I'm in the process of building a table saw/router table extension. I've been using pocket hole joints made with a Kreg jig for the case so far. I was wondering if the pocket holes screws would be enough to hold the drawers and shelves without a dado. I'm using 3/4" construction ply for the sides and back and solid wood for the front. I'd like to have a couple of drawers at the bottom and an open space for the router and the lift. In everyone's experience are the pocket hole screws enough or should I add more support to the inside shelving. First post with the app. Might edit on the computer later if requested

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    I'm going to hold off on answering this in case someone has any definitive information they can post but bottom line is I think going to be it depends. The main variable here is the quality of the plywood you're driving the screws into, since there's a vast difference in strength between high-end plywood made with hardwood veneers throughout and cheaper plywoods with softwood core veneers (and further differences beyond those two extremes as well). Obviously if non-standard screws are used they'll also affect how strongly the pieces can be held together.
    – Graphus
    Commented Oct 27, 2016 at 0:24
  • That's true. I was trying to be specific. I haven't posted a question in a while and probably don't have enough experience with ww to answer too many questions. I was hoping that by means of a question afoot pocket hole screws there might be something for someone else to use in their project at a future date.
    – Dano0430
    Commented Oct 27, 2016 at 0:27
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    Sorry in case it wasn't clear I wasn't saying it's a bad question, quite the opposite in fact given the popularity of pocket screws (and they're only going to get more popular over time)! Just wanted to mention that unfortunately it won't be a simple yes or no because of the variables. But broadly speaking yes, pocket-screw joints are strong enough for most of the applications they're used for (especially when paired with glue of course, since the glue joint then will provide some or most of the final strength).
    – Graphus
    Commented Oct 27, 2016 at 0:31
  • No worries. Didn't mean to sound defensive.
    – Dano0430
    Commented Oct 27, 2016 at 0:32
  • @graphus: ... Or lumber-core plywood, which might be better for this purpose.
    – keshlam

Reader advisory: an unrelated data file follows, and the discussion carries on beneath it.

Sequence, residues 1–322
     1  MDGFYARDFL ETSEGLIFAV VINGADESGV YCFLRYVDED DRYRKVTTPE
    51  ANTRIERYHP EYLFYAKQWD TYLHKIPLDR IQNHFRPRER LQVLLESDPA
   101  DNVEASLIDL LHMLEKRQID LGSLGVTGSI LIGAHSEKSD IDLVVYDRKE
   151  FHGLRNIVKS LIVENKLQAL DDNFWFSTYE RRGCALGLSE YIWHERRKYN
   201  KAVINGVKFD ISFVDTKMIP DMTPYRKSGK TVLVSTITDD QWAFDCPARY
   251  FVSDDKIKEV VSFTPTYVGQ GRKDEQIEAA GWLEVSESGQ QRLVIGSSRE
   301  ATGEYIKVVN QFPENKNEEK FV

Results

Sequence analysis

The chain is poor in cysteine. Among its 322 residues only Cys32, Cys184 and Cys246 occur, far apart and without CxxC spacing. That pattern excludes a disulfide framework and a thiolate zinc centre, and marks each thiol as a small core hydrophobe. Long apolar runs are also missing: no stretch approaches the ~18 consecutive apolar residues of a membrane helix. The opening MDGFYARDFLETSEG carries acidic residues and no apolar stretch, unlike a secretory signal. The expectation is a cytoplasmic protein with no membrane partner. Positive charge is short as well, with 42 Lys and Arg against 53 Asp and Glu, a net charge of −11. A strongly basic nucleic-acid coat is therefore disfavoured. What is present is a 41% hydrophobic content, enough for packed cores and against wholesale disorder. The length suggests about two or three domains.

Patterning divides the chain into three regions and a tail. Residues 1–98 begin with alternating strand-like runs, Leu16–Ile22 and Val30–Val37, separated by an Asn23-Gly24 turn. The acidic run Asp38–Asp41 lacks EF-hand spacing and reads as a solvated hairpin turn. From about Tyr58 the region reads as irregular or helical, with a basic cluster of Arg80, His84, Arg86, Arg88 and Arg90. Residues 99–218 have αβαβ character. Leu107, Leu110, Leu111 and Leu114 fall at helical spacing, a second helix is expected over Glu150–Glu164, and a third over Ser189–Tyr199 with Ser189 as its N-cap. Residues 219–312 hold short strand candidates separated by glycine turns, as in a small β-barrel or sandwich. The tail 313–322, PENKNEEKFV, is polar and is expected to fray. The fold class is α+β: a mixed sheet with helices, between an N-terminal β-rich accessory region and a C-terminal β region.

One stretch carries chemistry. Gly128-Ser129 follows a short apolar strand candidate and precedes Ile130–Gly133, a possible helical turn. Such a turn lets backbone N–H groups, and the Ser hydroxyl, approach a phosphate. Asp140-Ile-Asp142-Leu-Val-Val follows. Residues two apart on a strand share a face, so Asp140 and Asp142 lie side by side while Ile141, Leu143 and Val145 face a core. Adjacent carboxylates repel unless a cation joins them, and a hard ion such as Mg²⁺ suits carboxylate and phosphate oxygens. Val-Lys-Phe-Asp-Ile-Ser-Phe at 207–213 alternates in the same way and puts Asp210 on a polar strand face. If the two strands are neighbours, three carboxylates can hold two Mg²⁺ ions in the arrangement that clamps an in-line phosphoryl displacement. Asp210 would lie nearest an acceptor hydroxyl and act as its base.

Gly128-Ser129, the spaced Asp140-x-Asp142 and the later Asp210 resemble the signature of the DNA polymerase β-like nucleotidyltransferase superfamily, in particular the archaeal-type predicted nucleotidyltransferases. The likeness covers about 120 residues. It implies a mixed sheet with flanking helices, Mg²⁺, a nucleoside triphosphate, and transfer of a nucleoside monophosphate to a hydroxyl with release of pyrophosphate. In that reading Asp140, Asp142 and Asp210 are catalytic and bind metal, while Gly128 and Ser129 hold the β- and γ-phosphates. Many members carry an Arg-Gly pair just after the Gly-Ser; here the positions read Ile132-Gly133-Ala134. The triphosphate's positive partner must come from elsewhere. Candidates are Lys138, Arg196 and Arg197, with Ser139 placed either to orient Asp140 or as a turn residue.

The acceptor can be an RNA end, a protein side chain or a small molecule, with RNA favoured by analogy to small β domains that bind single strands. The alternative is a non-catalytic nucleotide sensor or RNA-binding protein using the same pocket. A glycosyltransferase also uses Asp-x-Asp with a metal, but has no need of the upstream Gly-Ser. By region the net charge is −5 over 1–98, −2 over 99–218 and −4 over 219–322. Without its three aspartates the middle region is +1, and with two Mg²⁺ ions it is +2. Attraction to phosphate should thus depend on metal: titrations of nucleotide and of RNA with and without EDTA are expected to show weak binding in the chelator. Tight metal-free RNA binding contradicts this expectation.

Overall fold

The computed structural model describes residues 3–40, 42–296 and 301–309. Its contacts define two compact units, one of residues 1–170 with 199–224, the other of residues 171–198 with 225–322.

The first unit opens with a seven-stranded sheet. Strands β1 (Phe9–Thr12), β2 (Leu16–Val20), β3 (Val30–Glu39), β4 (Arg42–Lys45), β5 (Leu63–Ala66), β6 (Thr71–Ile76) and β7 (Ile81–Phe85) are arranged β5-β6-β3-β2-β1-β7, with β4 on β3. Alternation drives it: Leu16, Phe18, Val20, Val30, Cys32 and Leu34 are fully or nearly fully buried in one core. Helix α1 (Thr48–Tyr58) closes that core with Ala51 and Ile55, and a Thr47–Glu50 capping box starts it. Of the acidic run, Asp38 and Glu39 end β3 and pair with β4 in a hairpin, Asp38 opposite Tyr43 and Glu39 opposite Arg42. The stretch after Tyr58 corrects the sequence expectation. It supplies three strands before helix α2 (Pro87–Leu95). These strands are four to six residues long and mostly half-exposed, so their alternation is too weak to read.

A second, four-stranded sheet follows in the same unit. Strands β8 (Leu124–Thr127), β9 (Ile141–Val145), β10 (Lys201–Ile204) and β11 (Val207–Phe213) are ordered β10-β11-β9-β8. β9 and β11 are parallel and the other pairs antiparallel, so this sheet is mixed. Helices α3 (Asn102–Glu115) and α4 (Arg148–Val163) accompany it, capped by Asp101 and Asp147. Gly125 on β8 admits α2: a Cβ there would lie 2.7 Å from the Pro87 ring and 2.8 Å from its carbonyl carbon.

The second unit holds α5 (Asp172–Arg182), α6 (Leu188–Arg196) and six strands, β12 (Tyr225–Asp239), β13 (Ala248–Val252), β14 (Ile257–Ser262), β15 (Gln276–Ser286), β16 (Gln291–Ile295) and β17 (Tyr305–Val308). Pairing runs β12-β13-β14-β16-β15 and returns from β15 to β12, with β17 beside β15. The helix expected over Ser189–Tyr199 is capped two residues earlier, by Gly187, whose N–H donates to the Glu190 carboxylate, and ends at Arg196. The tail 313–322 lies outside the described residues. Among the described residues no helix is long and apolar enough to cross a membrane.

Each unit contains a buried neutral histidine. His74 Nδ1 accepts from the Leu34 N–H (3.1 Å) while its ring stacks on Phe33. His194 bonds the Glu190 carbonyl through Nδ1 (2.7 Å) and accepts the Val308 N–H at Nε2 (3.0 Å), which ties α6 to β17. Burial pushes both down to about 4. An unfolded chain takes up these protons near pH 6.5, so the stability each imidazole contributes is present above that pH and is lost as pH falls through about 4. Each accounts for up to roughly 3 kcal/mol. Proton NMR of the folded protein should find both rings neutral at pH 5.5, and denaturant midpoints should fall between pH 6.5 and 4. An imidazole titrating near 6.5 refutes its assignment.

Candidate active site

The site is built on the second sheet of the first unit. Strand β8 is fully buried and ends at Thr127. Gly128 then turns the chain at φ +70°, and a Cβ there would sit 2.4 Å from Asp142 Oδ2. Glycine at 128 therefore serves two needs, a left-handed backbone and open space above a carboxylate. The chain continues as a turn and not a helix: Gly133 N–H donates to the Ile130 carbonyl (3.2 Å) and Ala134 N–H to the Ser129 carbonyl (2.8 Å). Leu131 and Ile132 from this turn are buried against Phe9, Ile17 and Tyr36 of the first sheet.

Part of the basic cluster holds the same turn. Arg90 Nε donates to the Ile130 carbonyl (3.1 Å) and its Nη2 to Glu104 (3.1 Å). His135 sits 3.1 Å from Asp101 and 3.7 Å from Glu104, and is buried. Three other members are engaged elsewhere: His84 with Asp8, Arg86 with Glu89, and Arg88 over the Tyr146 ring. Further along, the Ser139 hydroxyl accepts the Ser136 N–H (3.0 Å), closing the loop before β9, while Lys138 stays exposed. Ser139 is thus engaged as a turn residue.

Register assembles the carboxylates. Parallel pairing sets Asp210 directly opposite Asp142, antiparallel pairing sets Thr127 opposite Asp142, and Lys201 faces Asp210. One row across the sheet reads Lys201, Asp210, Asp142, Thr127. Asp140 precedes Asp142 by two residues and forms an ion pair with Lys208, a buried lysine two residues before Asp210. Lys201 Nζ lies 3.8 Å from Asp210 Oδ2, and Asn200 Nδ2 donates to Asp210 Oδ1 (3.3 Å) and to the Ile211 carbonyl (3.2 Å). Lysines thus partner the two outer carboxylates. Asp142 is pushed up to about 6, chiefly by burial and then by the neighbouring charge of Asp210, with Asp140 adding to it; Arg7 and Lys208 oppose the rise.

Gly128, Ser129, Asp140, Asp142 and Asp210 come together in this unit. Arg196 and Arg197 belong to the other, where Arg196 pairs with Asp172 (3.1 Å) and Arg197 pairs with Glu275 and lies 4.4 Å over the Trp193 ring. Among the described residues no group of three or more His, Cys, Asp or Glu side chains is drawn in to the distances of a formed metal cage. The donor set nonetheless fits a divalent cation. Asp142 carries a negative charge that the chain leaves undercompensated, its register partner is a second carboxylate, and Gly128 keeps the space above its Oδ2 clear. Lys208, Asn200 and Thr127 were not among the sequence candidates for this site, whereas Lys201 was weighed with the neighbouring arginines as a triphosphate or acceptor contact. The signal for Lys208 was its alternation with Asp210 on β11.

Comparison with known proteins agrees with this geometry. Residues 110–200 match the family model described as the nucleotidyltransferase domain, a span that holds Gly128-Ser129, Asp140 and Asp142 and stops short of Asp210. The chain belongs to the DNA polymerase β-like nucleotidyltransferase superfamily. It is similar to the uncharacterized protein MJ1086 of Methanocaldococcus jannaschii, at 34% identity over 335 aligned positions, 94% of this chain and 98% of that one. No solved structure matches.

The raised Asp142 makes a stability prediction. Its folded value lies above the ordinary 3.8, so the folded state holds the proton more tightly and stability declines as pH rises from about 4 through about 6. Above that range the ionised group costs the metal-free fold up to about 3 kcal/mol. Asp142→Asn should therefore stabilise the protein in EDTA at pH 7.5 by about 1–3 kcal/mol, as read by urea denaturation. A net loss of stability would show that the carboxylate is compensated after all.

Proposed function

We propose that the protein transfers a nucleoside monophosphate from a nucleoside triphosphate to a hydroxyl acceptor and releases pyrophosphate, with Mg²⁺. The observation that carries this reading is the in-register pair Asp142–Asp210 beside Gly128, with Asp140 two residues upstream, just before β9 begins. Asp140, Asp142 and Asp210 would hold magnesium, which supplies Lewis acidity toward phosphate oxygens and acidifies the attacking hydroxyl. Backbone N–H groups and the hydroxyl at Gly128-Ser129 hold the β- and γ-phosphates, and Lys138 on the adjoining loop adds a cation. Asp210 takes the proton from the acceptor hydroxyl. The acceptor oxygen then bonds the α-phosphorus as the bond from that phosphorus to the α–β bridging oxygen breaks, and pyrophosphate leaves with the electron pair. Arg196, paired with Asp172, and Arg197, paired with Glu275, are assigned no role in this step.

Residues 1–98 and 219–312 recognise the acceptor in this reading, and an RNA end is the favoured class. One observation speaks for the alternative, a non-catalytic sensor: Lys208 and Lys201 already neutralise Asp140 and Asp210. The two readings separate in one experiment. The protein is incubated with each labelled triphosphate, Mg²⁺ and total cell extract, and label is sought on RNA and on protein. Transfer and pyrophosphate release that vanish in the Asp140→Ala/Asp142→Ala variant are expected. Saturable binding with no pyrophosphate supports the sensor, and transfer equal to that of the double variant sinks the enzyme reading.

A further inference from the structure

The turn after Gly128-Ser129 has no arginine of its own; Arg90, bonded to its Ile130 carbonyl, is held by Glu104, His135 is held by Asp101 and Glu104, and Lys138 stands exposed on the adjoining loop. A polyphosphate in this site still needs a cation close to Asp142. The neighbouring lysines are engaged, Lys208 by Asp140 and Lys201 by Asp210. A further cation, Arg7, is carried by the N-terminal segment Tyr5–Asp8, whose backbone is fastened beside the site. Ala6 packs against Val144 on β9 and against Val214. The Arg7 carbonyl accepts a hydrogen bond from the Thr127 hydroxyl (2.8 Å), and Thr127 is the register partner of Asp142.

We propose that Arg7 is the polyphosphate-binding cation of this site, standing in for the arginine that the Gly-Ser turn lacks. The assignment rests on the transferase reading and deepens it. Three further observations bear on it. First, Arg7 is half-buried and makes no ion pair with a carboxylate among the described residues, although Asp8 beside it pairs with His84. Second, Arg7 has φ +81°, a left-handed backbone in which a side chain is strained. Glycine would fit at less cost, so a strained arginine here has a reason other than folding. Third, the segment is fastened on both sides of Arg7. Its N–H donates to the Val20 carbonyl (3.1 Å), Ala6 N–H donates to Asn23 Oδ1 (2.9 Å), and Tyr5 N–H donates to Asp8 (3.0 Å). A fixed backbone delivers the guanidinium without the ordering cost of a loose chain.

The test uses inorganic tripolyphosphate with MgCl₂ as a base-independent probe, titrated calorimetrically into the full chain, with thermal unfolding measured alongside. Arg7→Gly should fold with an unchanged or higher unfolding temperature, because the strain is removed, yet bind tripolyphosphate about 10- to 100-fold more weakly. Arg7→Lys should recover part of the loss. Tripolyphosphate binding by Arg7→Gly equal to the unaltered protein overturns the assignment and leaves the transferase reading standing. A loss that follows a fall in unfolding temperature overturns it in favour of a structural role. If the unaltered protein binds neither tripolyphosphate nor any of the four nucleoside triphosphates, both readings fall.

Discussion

Commented Oct 27, 2016 at 2:28

2 Answers 2


Yes, pocket screws AND glue are enough to hold most drawer boxes together. We will often use them in a pinch for drawer boxes in the cabinet industry, and some shops will even use them regularly.

That being said, there are usually two weak spots in drawer construction, the bottom, and the drawer front.

For our typical drawer construction, we use 1/2" - 3/4" sides with a 1/4" bottom dadoed into all 4 sides. This makes construction and assembly simple, and results in a sturdy box. The drawer front is a separate part, applied to the front of the drawer box, usually using screws through the subfront of the box.

enter image description here

Building the box this way accomplishes a few things. First, your box itself has 4 sides, with the sub-front and back running between the drawer box sides. This hides any end grain from view. Also, you can put your pocket holes on the drawer box sub-front and back, where they will be completely out of view once in use.

Lastly, if you were to just screw the sides directly to the drawer fronts in a butt joint, those screws would be more likely to fail and pull out over time, and your drawer then has completely fallen apart. Having the sub-front, the screws holding the box together are perpendicular to the force from pulling the drawer open, and that force will be shear force, so that joint will be stronger.

enter image description here

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    Also forgot to mention another benefit of a separate drawer front. You can mount your drawer boxes in the cabinet, and then mount your drawer fronts, adjusting the reveals to be right. Commented Oct 27, 2016 at 19:44

Here is an interesting video on the strength of pocket hole joints: https://www.youtube.com/watch?v=apsH8eBfjVA

  • Links without an associated explanation do not make very good answers. Can you provide some description about the results of the tests in the video?
    – mmathis
    Commented Oct 28, 2016 at 1:49

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